Author: Carrie Carey. This blog post originally appeared as a feature in the Eastern Daily Press Weekend magazine on 25 February 2017.


I recently took the grandchildren to a local farm park and despite the enticement of tractor rides and sheep racing, they wanted to stay by the pig pen where a family of hogs were enjoying a very messy mud bath. My youngest granddaughter looked at me knowing and said “They’re really happy, aren’t they?” I had to admit, it did seem that way.

So what makes a pig in muck as happy as… well, a pig in muck? Many farmers know that mud aids the animals’ thermoregulation, helps with parasite removal and affords sun protection; but a friend of mine would say it’s just because pigs enjoy it. Whatever the reason, there is no doubt that pigs like to wallow in the mucky stuff (or ‘mud, glorious mud’ as the old Flanders and Swan song put it).

By definition, mud is simply a mixture of earth, or soil, and water and is the building block for all things organic. On the surface, you might assume that mud is a barren and lifeless substrate, but nothing could be further from the truth; mud habitats form highly productive ecosystems that support a diverse community of wildlife.

Photo credit: Andy Hay

Around Britain’s coast, intertidal mudflats that occur in estuaries and harbours play host to a plethora of marine life. Brittlestars, anemones and spider crabs make their homes on the muddy seafloor, whilst a vast number of invertebrates and polychaete worms burrow deep into the mud itself and provide a rich and varied diet for overwintering wildfowl and waders. At RSPB Snettisham reserve, the mudflats act as an open diner, supporting an impressive population of knot, dunlin, godwits and other migrant birds throughout the year.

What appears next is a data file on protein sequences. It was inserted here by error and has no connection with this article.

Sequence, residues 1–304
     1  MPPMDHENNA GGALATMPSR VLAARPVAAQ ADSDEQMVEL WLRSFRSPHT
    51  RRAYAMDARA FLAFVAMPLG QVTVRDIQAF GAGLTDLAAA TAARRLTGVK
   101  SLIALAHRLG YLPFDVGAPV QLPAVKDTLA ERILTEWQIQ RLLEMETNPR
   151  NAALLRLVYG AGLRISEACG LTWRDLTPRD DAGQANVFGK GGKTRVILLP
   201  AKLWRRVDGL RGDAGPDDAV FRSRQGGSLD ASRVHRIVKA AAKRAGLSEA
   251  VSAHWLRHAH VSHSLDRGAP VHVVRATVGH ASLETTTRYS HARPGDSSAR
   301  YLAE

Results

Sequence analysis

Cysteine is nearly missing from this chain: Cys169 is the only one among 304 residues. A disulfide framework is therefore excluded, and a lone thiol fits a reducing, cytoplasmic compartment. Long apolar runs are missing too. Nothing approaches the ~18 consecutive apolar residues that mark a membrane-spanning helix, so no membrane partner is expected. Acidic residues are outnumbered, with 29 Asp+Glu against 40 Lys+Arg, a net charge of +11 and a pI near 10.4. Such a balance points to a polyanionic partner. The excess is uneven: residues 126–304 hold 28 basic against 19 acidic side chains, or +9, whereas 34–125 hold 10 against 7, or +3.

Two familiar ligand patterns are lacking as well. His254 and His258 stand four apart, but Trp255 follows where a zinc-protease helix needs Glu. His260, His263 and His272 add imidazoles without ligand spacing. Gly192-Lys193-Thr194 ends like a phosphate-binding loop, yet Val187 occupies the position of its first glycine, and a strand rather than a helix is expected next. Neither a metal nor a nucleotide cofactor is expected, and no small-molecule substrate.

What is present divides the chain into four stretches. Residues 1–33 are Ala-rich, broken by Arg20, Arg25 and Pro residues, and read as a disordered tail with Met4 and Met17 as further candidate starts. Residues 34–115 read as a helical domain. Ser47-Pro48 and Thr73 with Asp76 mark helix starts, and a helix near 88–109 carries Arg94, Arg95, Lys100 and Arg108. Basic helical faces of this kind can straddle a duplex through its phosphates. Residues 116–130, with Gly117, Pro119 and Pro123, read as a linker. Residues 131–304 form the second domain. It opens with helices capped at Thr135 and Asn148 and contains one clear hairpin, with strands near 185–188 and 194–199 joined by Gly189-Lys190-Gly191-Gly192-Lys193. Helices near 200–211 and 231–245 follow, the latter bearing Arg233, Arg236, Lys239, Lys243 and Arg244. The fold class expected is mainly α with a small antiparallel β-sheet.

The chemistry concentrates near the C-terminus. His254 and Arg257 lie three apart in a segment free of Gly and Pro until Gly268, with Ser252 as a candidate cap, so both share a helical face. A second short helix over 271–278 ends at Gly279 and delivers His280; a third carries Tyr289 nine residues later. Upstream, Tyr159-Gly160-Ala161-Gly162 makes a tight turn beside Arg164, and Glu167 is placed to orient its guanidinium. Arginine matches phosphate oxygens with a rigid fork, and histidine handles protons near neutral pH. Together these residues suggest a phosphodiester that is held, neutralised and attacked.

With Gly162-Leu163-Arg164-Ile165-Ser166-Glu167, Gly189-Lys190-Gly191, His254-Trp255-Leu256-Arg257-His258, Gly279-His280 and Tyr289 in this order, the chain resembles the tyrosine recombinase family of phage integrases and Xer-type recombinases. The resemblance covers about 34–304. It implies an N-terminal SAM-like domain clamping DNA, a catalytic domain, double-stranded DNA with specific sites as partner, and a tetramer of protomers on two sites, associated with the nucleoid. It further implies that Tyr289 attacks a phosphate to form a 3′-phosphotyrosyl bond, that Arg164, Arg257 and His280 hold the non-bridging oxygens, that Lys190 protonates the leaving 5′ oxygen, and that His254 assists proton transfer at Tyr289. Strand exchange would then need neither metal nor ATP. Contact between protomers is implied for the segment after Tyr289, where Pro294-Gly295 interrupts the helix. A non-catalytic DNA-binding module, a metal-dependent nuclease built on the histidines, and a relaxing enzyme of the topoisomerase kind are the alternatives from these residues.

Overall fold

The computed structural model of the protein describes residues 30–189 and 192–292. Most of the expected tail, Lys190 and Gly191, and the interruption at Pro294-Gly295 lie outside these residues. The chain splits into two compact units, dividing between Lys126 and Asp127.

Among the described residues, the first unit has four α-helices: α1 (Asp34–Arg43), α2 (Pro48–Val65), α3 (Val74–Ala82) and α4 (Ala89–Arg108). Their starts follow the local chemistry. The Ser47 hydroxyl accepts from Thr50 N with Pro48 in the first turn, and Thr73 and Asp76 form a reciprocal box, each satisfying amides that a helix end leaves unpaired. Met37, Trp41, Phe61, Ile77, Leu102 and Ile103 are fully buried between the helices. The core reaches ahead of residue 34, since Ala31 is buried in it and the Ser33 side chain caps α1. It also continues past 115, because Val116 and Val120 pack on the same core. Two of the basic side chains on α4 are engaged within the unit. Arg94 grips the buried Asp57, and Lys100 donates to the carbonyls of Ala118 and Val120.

Photo credit: Chris Gomersall

However, it is not just birds that profit from the muddy seabed: our planet does too. The burrowing activities of sea critters allows the exchange of oxygen, nutrients and minerals to take place between seawater and sediment and this plays an important part in earth’s respiratory process. In this wet habitat, a high moisture content is necessary to support the needs of the plants, animals and organisms that live here. Remove the moisture and the mud reverts to soil which plays an equally vital role in maintaining life on land. Soil acts as a carbon store, filters rainwater, supports vegetation and is the producer of almost all of our antibiotics.

Photo credit: Ben Hall

Soil, in all its variants has another positive impact on our health and well being. It contains a bacterium found to trigger the release of serotonin: a group of hormones that regulate mood, social behavior and sleep. So there is good reason to get out in the garden, dig in the dirt and make mud pies! Ancient Egyptians believed that a mud bath helped relieve joint and muscle pains as well as promote relaxation and calmness, a practice which is still popular today.

Photo credit: Andy Hay

There is also growing evidence that a tactile relationship with soil fills a basic biological need and helps us build a connection with the natural world. The Latin word for soil is humus and the words human and humility come from this same root. No wonder then that we are intrinsically linked to soil, earth, dirt, mud. Whilst we may not be inclined to spend a day wallowing in a mud pit, it is certainly evident that some times, reconnecting with nature’s building block can be beneficial on so many levels. So I’m off into the garden to have a root around the compost heap and breathe in the smell of good old fashioned dirt.

Information on how to become a RSPB member can be found here.